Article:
Take the 2-minute tour ×
MathOverflow is a question and answer site for professional mathematicians. It's 100% free, no registration required.

A given natural number $n \in \mathbb{N}$ has many representations as expressions mixing other natural numbers and the operators and punctuation symbols $\{+,-,\times,/,\exp,(,)\}$, where '$\exp$' means exponentiation. For example, four representations of $128$ are $\{130-2,128, 2 \times 64, 2^7\}$. Define the cost of a representation as the total number of digits that occur in the representation, with all operators and parentheses assigned zero cost. In other words, imagine erasing all the symbols and just counting up the digits. So the costs of the four representations of $128$ above are $\{4,3,3,2\}$.

I am interested in minimal-cost representations of numbers, and especially those numbers that have representations of smaller cost than their explicit representation as just a number with no operators. In some sense, I am asking for which numbers are compressible via the operators. (Thinking about compression is the origin of this question.) Unfortunately, I think the notion is base-dependent, but perhaps not fundamentally so.

Here are two specific questions:

(1) Which natural numbers have a representation more efficient than the unadorned number? At least, what is the start of such a list? In particular, which is the smallest number efficiently representable? (In base $10$; but other bases are equally interesting.)
Answered by Gerry Myerson. The list starts $5^3{=}125,\; 2^7{=}128,\; 6^3{=}216,\; 3^5{=}243,\; 4^4{=}256, \ldots$.

(2) What fraction of numbers $n \le N$ have a more efficient representation than themselves, as $N \to \infty$? Perhaps this question has a base-independent answer?

Analogous questions may have been explored previously, perhaps with a different set of operators. If so, I'd appreciate a pointer—Thanks!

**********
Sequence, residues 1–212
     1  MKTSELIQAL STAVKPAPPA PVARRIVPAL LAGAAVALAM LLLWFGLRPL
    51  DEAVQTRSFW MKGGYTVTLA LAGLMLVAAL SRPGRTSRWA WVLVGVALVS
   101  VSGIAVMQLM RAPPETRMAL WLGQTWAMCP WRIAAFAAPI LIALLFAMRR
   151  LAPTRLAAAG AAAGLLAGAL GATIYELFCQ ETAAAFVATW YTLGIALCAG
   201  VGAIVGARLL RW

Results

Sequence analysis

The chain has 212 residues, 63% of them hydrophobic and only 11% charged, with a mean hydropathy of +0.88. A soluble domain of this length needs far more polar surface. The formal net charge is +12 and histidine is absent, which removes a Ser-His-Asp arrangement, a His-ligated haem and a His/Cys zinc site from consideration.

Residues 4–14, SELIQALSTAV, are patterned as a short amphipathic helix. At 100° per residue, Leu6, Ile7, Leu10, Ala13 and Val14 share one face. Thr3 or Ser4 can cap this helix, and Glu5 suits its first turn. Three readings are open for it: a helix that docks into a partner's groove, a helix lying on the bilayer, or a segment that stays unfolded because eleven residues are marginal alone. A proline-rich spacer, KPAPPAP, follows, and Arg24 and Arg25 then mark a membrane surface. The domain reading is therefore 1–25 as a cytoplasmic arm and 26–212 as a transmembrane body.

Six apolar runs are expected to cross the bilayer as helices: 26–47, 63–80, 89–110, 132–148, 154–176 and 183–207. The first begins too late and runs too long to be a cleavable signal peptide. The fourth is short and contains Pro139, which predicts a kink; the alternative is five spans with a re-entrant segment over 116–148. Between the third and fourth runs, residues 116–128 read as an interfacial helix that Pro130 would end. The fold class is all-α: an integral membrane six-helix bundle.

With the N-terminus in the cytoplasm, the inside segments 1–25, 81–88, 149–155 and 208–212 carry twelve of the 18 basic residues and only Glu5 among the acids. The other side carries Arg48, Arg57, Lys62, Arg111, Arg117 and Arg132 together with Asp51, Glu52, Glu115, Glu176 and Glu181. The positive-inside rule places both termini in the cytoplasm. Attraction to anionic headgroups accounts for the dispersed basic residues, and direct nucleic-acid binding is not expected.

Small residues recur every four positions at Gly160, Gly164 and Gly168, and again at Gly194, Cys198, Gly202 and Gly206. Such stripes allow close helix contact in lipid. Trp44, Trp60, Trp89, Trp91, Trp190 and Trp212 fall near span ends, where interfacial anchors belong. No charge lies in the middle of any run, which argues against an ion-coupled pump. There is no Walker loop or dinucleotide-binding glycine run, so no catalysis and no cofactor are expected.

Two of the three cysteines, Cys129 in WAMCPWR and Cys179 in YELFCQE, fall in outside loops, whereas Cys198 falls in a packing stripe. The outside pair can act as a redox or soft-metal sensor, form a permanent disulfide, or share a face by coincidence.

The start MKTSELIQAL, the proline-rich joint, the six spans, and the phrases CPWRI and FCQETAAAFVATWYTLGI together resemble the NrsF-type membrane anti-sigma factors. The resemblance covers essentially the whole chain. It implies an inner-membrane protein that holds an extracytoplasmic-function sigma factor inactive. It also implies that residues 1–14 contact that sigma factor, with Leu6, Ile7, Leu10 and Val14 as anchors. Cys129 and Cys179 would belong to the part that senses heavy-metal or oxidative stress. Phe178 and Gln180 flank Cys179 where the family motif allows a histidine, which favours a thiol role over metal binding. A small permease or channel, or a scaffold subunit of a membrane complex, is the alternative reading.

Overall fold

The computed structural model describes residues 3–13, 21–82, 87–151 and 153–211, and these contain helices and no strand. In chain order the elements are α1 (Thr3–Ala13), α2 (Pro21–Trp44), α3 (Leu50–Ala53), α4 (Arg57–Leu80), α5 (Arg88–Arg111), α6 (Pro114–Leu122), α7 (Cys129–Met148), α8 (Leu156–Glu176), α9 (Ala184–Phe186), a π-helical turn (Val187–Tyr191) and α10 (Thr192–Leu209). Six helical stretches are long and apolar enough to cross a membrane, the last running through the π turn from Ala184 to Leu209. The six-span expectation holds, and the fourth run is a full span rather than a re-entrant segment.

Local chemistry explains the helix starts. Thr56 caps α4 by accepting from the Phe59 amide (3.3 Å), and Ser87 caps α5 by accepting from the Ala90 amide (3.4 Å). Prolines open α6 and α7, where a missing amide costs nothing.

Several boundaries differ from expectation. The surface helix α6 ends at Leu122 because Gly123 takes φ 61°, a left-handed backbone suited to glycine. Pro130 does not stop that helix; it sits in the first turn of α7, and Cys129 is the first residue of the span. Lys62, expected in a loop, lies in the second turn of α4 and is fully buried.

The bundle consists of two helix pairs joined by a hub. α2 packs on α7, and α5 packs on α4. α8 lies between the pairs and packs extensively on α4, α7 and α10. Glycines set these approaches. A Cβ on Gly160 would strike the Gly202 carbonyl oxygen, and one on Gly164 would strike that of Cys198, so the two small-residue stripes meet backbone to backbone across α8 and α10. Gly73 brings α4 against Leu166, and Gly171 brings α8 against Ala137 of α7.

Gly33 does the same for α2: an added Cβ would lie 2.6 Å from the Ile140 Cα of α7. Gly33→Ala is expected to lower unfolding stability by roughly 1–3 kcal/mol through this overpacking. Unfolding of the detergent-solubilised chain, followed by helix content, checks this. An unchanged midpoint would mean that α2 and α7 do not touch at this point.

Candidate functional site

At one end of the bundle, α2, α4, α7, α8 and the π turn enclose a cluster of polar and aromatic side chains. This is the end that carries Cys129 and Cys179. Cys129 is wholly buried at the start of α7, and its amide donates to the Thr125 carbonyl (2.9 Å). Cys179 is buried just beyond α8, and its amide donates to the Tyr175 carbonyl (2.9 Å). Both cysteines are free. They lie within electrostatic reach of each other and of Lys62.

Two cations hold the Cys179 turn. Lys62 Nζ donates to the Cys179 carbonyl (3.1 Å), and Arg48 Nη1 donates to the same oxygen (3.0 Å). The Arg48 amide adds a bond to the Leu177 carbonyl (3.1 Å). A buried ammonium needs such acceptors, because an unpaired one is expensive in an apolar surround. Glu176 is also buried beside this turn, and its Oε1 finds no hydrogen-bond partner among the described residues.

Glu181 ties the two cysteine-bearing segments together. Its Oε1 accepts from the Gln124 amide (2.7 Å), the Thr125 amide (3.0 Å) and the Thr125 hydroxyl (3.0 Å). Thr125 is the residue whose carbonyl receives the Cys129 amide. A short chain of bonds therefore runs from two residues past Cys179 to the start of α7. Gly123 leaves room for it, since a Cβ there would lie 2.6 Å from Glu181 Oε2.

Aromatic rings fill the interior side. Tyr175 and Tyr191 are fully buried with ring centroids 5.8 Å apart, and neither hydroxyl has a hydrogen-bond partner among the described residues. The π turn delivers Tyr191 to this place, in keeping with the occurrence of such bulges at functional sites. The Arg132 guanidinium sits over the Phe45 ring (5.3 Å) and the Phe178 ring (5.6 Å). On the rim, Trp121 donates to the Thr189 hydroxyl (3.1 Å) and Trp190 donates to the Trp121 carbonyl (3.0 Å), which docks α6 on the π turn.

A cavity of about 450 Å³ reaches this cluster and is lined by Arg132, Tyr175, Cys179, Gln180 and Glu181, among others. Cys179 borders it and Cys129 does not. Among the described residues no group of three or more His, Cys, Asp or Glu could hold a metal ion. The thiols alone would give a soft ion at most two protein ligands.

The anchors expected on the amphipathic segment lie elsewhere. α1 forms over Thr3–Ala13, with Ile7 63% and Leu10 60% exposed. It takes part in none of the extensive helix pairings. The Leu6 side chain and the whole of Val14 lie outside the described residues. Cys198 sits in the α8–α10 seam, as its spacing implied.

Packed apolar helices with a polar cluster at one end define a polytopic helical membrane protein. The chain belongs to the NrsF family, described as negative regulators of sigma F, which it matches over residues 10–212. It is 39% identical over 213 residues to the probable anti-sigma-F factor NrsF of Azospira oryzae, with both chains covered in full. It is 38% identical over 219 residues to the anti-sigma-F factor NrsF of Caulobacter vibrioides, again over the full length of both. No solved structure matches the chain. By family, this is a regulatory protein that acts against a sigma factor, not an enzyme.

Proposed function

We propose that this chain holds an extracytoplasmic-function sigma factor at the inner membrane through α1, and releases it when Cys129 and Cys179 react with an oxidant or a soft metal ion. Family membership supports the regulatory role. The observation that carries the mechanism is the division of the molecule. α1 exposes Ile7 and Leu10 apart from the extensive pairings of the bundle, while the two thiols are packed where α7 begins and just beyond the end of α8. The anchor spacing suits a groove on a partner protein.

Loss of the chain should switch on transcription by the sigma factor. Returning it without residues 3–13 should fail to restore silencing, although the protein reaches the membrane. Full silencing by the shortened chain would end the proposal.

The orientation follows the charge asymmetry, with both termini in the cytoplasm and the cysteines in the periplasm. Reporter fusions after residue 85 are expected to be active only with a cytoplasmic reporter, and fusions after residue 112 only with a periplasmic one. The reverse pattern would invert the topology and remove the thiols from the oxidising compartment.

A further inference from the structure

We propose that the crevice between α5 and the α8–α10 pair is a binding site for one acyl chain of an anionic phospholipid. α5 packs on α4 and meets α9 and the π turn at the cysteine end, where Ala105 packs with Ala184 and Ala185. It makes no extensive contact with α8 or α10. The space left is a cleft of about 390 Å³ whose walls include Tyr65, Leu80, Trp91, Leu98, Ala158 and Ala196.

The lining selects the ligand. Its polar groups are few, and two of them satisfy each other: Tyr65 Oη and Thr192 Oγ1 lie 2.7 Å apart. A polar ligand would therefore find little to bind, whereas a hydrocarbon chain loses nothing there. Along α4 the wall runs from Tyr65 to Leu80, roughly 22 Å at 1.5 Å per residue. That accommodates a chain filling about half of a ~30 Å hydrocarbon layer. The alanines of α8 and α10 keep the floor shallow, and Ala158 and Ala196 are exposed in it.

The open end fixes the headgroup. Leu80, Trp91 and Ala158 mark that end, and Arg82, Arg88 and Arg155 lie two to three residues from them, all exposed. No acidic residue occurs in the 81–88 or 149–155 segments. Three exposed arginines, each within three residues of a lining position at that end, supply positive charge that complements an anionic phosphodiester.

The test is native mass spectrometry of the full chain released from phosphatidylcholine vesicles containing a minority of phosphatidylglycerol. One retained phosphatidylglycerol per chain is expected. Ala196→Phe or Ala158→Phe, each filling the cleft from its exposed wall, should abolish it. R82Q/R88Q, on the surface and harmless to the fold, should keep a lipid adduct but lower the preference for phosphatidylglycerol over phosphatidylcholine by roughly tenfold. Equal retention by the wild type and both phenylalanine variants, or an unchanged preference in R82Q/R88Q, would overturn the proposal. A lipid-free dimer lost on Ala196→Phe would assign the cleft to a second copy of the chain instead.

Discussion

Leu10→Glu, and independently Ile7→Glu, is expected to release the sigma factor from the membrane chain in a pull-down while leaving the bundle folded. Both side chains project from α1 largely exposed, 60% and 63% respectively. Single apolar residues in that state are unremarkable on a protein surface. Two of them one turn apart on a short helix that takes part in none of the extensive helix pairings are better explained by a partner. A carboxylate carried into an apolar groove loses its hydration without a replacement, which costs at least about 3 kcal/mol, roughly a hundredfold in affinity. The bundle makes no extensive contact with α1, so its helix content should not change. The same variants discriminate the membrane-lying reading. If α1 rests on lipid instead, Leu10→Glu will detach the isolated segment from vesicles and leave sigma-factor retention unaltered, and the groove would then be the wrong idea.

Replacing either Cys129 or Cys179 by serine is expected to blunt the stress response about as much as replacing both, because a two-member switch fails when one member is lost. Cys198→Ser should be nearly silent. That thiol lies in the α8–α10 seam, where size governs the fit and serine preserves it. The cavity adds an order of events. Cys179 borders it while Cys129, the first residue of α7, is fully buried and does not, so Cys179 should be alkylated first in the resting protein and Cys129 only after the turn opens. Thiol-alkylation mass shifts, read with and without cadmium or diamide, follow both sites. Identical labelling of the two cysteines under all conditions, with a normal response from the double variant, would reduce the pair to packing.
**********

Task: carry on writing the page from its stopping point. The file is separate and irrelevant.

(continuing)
share|improve this question
1  
See related concept of Kolmogorov complexity: en.wikipedia.org/wiki/Kolmogorov_complexity –  Joel David Hamkins Dec 2 '13 at 1:50
1  
Kolmogorov complexity would be relevant if you allowed an operator like "Output of the C program whose ASCII code is". For the limited list of operators in the question, the issue seems to be more number-theoretic than computability-theoretic. –  Andreas Blass Dec 2 '13 at 1:57
1  
@JoelDavidHamkins, it does not make difference (up to a constant factor), because in a binary tree the number of external nodes (leaves) is always equal to one plus the number of internal nodes. –  Michal R. Przybylek Dec 2 '13 at 12:45
2  
@JosephO'Rourke, a more accurate reference than "Kolmogorov complexity" is "minimum description length". Computationally, MDL is almost always either "impossible" or "very difficult". However, in most cases it can be well approximated by Bayesian complexity. –  Michal R. Przybylek Dec 2 '13 at 12:59
1  
If you like "base 1", you might consider the one complexity of an integer. The version I like involves plus, times, parentheses, and as few copies of the number 1 as can be managed. The one complexity of x is x for x < 6, and goes up as log base 3 x. An unanswered question is if 4lg3 x is an upper bound for x>1, although it is known 3lg2 x is. (I'm using base 2 and base 3 logs here.) It turns out to be easy to approximate but hard to determine exactly and quickly for many x. Gerhard "Has Some Ear Worms, Too" Paseman, 2013.12.02 –  Gerhard Paseman Dec 3 '13 at 3:33

2 Answers 2

I think what's wanted are the numbers tabulated at http://oeis.org/A104233, in which case the start of the list is 125, 128, 216, 243, 256, 343, 512, 625, 729, 1000, 1015, 1016, 1017, 1018, 1019, 1020, 1021, 1022, 1023, 1024, 1025, 1026, 1027, 1028, 1029, 1030, 1031, 1032, 1033. These are perfect powers, or $4^5\pm d$ with $d$ a single digit.

share|improve this answer
    
Nice find! So $\{ /,(,) \}$ never occur in the optimal representation? –  Joseph O'Rourke Dec 2 '13 at 10:43
2  
@JosephO'Rourke, I guess that it is easy to prove that $99^{99}/9$ is the optimal representation. –  Michal R. Przybylek Dec 2 '13 at 15:56
2  
Also $1029=3\cdot 7^3.$ It may be that $5\cdot 6^3=1080$ is the smallest one not a perfect power nor $a^b \pm c$ –  Aaron Meyerowitz Dec 2 '13 at 22:14
1  
Perhaps $(7^9+9^9)/2$ is an optimal representation using parentheses, but I haven't made any serious effort to check this. –  Gerry Myerson Dec 2 '13 at 23:57

In the limit of large $N$, I'd have thought a simple lower bound for the average "compression ratio" by minimal-length representations in base $b$ is something like $\frac{log(b)}{log(b + n)}$, where $n$ is the number of extra symbols permitted. This is because one can simply identify the symbols with extra digits in base $b + n$, and map the base $b$ numbers to the base $b + n$ numbers, obtaining a conservative estimate by neglecting symbol constraints such as the need for balanced brackets and no trailing $+$ signs etc.

share|improve this answer

Your Answer

 
discard

By posting your answer, you agree to the privacy policy and terms of service.

Not the answer you're looking for? Browse other questions tagged or ask your own question.